A nonprofit publication of the Kentucky Center for Public Service Journalism

Al Cross: Kentucky officeholders use their power, official and unofficial

The use of power in American politics is a subject of much study. In the last week or so, we’ve seen examples of Kentucky politicians using power from various sources, official and unofficial. It’s a lot to describe in 800 words, but here’s a try: The Kentucky constitution gives the General Assembly power to spend the state’s money, but a state law says the governor recommends an Executive...

Shorus Minella: The new year offers a new start, and the chance begin the path to more healthful eating

For many, the start of a new year is the perfect chance for a fresh start with your health and fitness. Especially after a busy holiday of indulgence, it is important to recalibrate with healthy choices in mind. The best way to start is with an open mind, knowing that simple, small choices can add up in the end to make big changes. (Photo by Wand_Prapan, iStock/Getty Images Plus, via University of...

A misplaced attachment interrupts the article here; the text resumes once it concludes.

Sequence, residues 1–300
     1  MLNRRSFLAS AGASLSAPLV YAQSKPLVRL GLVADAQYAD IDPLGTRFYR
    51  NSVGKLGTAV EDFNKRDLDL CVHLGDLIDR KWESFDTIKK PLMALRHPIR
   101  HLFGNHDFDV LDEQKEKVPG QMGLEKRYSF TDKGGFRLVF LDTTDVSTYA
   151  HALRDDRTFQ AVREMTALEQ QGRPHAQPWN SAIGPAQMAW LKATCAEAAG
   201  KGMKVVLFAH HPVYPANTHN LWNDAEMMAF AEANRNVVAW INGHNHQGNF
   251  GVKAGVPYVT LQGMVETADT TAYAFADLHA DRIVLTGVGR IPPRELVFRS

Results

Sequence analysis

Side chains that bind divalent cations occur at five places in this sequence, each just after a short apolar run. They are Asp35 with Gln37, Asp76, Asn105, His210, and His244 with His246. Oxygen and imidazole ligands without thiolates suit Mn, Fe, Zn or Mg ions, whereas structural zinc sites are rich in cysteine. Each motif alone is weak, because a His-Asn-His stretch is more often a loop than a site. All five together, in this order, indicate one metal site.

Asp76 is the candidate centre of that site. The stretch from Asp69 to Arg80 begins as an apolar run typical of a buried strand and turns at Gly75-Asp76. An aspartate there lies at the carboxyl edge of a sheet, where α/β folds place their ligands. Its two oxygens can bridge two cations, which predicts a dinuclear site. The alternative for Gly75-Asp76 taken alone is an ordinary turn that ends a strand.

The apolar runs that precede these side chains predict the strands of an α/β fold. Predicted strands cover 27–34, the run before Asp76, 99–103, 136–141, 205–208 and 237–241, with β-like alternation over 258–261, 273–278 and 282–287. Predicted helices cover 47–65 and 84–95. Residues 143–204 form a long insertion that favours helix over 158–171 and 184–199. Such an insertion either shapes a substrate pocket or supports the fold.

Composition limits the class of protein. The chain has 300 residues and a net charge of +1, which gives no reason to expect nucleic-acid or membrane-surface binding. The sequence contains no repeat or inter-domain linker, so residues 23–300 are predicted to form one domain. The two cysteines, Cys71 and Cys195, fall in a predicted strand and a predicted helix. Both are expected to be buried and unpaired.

Constance Alexander: There’s still time to do the right thing and remove symbols of country’s racist past

Imagine celebrating the bicentennial of Calloway County later this year. The official proceedings are likely to take place on the courthouse square, maybe with proud speeches, voices reciting the Pledge of Allegiance, marching bands pounding out tunes like “God Bless America.” Flags will flutter in the breeze, including the Stars and Stripes. The state banner with the slogan “United We Stand,”...

Joe Heller: The week in cartoons — a broad-brush, full color commentary in few words

                Joe Heller was the editorial cartoonist for the Green Bay Press-Gazette in Green Bay, Wis., from 1985 until being laid off in July 2013. He still draws five cartoons a week and distributes them through his own syndicate. Through Heller Syndication, his cartoons regularly appear in more than 400 newspapers, making him the most successful...